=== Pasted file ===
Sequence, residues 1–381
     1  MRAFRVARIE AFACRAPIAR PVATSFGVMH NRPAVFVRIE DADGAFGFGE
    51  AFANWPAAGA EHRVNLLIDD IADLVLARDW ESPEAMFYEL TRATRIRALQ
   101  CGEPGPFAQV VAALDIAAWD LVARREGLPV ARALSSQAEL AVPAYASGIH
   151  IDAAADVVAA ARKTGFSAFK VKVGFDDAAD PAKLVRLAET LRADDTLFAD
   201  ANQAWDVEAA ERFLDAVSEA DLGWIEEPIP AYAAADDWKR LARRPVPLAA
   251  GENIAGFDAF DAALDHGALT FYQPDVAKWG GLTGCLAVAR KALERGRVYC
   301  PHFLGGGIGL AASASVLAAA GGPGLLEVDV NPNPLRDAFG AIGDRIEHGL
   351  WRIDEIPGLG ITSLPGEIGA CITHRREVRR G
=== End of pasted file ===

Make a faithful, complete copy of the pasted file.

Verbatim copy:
Sequence, residues 1–381
     1  MRAFRVARIE AFACRAPIAR PVATSFGVMH NRPAVFVRIE DADGAFGFGE
    51  AFANWPAAGA EHRVNLLIDD IADLVLARDW ESPEAMFYEL TRATRIRALQ
   101  CGEPGPFAQV VAALDIAAWD LVARREGLPV ARALSSQAEL AVPAYASGIH
   151  IDAAADVVAA ARKTGFSAFK VKVGFDDAAD PAKLVRLAET LRADDTLFAD
   201  ANQAWDVEAA ERFLDAVSEA DLGWIEEPIP AYAAADDWKR LARRPVPLAA
   251  GENIAGFDAF DAALDHGALT FYQPDVAKWG GLTGCLAVAR KALERGRVYC
   301  PHFLGGGIGL AASASVLAAA GGPGLLEVDV NPNPLRDAFG AIGDRIEHGL
   351  WRIDEIPGLG ITSLPGEIGA CITHRREVRR G